I’ve just read @puffles2010’s latest blog (ok, ok, his bestest buddy, we all know dragon fairies can’t play musical instruments – or can they??) about learning to play a musical instrument and exams. Having studied music up to degree level I knew I’d have some feelings of my own on the subject, and was interested to see how my experiences compared.
In the main I agree with the sentiment expressed that studying music can utterly rip the joy out of it, but the experiences that lead me to that feeling were very different, and I certainly don’t think that this is the case for everybody. For me, it wasn’t taking grade exams that almost ruined playing a musical instrument (or in my case, singing and composing), it was university.
I loved music at school. I didn’t start learning until I was 11 (which was ancient compared to my other musical friends) but once I did, I made up for lost time and then some. My school had a fantastic music department, and the Head of Music became my singing teacher and mentor (and a fantastic one to boot). I skipped most of the grades, doing Grade 2, 4, 5 and 8 on piano and 5, 7 and 8 on voice. Exams were targets for me to work towards, and I was always well-prepared (apart from one exam, which fortunately was counterbalanced by a wealth of positive experiences). I also enjoyed studying for my GCSE and A Levels in music, again, positive targets for me. As I finished school I was very much looking forward to studying music at university.
This is where my experience falls into line with Puffles – basically, doing a Music degree sucked the life out of it. It wasn’t fun anymore. I know that some people would argue that you go to university to study and that is serious, however, when you start to hate the thing you once loved, something has clearly gone very wrong. I became withdrawn (which most people who know me would find extremely surprising) and eventually developed an eating disorder, which I overcame only after leaving.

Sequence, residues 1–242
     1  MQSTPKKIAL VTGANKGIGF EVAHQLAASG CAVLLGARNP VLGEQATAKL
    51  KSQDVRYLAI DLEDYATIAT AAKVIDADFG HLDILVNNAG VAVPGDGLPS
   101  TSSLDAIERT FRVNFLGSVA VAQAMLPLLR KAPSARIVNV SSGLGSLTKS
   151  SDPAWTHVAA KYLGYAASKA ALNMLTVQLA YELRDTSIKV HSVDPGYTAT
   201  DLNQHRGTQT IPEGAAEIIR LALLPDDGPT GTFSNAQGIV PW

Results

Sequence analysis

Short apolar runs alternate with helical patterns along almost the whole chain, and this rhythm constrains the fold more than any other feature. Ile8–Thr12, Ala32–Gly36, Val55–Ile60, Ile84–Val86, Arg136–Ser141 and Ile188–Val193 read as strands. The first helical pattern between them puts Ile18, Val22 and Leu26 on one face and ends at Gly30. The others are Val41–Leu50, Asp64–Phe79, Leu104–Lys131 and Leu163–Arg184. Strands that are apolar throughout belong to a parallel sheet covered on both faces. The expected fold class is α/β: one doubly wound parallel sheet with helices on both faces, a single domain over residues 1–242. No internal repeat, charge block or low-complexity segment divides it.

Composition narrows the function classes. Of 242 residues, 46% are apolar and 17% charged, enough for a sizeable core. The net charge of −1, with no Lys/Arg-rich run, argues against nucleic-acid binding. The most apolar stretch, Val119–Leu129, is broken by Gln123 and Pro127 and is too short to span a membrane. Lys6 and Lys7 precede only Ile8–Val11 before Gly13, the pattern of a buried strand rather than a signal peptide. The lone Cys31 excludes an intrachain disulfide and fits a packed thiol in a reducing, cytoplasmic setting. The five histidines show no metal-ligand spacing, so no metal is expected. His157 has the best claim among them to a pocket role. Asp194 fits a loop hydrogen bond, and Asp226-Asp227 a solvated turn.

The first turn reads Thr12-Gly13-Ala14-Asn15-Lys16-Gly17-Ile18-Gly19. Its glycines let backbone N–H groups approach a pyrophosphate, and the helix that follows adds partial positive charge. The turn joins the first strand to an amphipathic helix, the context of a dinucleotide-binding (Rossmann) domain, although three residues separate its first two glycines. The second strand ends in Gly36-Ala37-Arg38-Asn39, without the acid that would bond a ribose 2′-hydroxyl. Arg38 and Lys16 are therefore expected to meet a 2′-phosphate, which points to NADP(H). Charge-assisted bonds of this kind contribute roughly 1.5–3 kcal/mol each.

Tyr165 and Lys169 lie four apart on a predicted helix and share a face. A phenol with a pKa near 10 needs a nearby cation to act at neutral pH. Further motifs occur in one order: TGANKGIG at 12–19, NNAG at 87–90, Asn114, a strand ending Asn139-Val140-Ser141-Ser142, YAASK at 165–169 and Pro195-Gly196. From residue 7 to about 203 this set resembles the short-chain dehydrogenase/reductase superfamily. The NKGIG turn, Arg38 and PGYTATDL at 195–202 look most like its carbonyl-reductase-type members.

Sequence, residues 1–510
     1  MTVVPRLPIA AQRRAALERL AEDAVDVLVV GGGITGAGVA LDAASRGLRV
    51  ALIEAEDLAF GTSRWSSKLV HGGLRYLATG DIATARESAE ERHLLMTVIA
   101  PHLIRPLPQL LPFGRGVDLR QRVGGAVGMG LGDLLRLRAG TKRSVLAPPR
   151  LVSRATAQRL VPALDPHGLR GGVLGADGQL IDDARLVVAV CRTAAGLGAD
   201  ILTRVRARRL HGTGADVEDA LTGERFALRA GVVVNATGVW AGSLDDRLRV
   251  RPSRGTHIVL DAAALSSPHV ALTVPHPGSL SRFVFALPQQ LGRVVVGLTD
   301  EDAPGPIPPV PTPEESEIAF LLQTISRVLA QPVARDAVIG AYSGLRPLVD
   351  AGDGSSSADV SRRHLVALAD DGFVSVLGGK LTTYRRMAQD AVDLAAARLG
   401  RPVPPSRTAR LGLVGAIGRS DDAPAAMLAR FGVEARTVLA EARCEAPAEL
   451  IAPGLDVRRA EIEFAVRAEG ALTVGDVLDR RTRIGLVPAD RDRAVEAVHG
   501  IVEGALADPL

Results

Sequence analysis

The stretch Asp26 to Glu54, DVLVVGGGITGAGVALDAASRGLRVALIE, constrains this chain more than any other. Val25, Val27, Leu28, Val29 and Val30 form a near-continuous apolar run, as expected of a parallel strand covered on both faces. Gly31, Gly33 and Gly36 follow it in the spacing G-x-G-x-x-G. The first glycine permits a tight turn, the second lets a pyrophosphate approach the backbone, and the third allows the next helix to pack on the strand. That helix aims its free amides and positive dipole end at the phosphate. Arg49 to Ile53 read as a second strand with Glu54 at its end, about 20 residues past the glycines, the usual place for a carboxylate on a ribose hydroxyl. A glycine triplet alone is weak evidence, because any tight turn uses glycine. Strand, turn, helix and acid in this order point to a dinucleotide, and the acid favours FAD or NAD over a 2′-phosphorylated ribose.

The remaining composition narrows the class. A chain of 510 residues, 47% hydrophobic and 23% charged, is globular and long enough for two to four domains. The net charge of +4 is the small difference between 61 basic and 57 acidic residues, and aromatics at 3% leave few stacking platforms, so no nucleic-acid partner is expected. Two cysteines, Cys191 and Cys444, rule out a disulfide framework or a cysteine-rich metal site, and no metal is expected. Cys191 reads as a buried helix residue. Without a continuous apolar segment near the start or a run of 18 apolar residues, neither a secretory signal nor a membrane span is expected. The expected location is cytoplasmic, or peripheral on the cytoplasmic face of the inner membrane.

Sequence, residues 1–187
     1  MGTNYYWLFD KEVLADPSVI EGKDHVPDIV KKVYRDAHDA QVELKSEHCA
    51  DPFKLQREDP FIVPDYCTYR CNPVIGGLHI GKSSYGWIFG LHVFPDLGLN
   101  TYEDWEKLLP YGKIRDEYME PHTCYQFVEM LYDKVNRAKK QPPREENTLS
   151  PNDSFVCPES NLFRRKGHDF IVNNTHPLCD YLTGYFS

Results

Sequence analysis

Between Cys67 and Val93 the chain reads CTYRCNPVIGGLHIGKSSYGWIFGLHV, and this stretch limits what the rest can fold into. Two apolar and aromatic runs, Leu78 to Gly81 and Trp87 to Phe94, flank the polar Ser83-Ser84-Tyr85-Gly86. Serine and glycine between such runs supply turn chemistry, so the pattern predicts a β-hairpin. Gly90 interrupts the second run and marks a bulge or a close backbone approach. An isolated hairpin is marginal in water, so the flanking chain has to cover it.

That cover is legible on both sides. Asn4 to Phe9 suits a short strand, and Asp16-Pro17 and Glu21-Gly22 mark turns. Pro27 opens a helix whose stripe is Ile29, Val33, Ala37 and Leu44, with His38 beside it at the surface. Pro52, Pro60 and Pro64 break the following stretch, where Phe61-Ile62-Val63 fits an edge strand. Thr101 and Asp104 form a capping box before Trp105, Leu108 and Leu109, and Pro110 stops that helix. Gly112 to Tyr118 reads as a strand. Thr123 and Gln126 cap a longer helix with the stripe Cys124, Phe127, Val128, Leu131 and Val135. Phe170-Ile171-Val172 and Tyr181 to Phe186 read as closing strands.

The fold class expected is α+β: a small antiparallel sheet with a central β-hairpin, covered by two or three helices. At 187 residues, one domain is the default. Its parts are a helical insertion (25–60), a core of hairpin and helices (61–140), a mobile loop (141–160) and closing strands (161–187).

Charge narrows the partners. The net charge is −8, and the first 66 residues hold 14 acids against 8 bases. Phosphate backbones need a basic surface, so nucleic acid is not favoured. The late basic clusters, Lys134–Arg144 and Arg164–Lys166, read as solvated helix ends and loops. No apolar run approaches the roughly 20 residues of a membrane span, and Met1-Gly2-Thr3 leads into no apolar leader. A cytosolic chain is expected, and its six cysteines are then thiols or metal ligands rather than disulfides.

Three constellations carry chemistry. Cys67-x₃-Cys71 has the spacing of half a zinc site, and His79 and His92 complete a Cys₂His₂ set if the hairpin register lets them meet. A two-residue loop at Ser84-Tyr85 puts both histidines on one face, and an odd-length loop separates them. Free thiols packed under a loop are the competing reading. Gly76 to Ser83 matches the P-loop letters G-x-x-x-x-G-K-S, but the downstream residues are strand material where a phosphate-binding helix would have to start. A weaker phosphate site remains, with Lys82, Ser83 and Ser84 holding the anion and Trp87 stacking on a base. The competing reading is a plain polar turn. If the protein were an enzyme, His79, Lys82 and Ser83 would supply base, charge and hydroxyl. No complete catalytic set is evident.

So what went wrong? Well, I may be reading between the lines in Puffles’ blog, but the sense I get from it is that he was basically subjected to some bad teaching. Which I’d say was exactly the same as my experience at university. It was utterly demoralising. I was made to feel that my voice type was not de rigeur and I felt actively discouraged by the university in pursuing performance as part of my studies, which was the main reason I went! A successful year of composition study (in which my tutor told me I was one of the most natural composers he’d taught in years) was followed by a year of “composition through analysis”. Analysis has its place in music, but I’ve always felt that if you go too far you find things in pieces that aren’t there, or weren’t intentional on the composer’s part. I liked my tutor’s compositions, I just didn’t want to write like him. I didn’t want to be a musicologist, I wanted to be a musician. I left university feeling that I had failed miserably at both. I still haven’t picked up my pen to compose since I left university, and I’m not sure I ever will.
Some of you may be reading this and thinking that perhaps I simply wasn’t good enough to embark on a musical career and that I should accept that instead of blaming others. I’d agree with you, if it weren’t for the fact that a few years ago I finally bit the bullet and took up lessons again. Like a dragon’s best friend, I too had to overcome emotional and mental barriers to pluck up the courage to try. I had sung in bands and choirs, but hadn’t dared to approach solo classical repertoire and training. But I wanted to set myself some targets, give myself something positive to work towards in the same way that exams at school had been (unlike Puffles).
And I was in for a shock. A good one. A fantastic one, in fact. My teacher informed me that my voice was bigger than I thought it was and that in trying to suppress it I had done myself a disservice. Fortunately, no major damage was done, unlike this poor girl, whose story also shows the importance of having good teachers around you, and as I studied more, the voice that developed was quite a revelation to me.
I’m now doing bits of performing, mostly for fun at the moment but hoping to develop it further. I can’t help but feel, like Puffles, that there are lost years that I’ll never get back, and wonder what could have been.